“A spark can become a flame, from a flame a fire” Kathryn Lasky
Sometimes I think finances is a bit like dieting. You read the guidelines on what you should be doing, follow along for a while and then get inpatient when things don’t happen quickly. This is when we start looking for the “quick fix diet” that will make everything happen really quickly supposedly. In the end we just delay the inevitable and go back to what we should have been doing anyway!
The basic formula for FIRE is based on three principles:
- Spend less than you earn
This one is easier said than done however without this step its going to make the journey to FIRE that bit longer. The best way to do this one is to create a budget and stick to it. Mr Fire and I are having considerable trouble with this one at the moment so we really need to get a grip on it.
Since I have started tracking our finances I have been really surprised at where our money is going. Every “quick nip to shops” soon adds up. I think we really need to go back to basics with our budget and then see if we can cut down our expenses even further. The key to FIRE is always the
dreadeduseful savings rate (more on that in future posts). Once the budget is on track then there should naturally be some savings left at the end of each month.
Another key part of this principle is the Emergency Fund. We always seem to have some unexpected expense pop up that tips us over the budgeting edge. An emergency fund is the buffer to stop this meaning you can still put some money away at the end of each month.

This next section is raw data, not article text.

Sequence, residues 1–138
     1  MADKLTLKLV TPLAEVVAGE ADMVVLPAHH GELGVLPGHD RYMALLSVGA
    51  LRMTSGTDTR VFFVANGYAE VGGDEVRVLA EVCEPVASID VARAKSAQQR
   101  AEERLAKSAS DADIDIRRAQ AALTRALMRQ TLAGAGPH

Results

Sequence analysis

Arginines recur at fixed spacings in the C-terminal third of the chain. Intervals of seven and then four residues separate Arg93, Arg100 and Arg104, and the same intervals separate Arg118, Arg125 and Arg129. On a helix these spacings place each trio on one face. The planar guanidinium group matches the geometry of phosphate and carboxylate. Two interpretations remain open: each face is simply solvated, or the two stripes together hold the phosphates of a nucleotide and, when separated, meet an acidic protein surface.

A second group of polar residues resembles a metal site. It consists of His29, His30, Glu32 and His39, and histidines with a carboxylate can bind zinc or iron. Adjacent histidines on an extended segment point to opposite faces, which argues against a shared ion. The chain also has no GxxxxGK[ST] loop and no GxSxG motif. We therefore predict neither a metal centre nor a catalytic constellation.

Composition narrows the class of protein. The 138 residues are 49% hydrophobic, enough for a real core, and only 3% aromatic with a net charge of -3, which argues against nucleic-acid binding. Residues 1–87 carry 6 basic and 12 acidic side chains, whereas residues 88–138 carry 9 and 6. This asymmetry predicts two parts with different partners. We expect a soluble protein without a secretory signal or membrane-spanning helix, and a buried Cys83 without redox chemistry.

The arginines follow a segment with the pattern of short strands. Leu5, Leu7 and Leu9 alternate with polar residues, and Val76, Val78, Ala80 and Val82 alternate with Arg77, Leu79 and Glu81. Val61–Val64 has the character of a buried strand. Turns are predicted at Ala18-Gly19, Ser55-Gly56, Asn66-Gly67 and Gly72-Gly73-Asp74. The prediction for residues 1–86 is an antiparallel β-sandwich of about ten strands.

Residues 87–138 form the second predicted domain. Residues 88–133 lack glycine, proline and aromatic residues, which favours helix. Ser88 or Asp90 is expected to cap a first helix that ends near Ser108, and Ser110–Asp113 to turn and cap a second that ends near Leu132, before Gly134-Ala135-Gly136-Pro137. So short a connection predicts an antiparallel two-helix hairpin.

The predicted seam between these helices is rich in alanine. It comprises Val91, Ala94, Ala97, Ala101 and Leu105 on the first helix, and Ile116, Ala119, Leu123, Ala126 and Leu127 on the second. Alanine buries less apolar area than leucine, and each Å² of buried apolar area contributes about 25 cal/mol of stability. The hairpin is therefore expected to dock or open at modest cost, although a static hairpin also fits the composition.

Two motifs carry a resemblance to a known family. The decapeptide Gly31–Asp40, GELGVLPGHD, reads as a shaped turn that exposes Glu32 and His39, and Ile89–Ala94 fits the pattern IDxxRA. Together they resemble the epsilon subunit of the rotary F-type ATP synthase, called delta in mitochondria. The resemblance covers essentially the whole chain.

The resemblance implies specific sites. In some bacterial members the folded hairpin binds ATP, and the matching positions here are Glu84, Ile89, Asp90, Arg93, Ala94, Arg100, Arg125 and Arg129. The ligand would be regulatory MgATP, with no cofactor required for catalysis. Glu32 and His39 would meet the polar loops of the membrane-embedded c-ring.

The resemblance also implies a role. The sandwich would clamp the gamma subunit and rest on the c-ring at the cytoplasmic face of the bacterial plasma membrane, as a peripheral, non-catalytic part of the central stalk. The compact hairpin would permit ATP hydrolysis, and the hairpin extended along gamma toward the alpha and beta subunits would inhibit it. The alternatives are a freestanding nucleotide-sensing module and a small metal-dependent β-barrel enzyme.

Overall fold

2. Invest extra money
Whether this is building up the emergency fund, putting money in savings, Isa’s or investments it is a really important part. Without stashing any extra cash then you are simply on the same path as everyone else i.e working until your past 60 (or even 70 in some cases) I’m worried that since we bought our house we are wiped out savings wise really. Got to get back on track!
3. Pay off and stay out of debt
I’m no debt management expert so if your in debt then do some research. I really like the snowball approach to debt and there are some really good resources out there including free spreadsheets. With debt, its important to have a plan and start to pay off the smallest amount first, when you get rid of that loan you free up some cash to put towards paying of the next loan and so on. Debt is going to suck up your hard earned cash whilst charging you interest for the pleasure. I’ve mentioned it several times that we have a family loan that is always in the grey area of when it should be paid back.
How do you stick to your budget?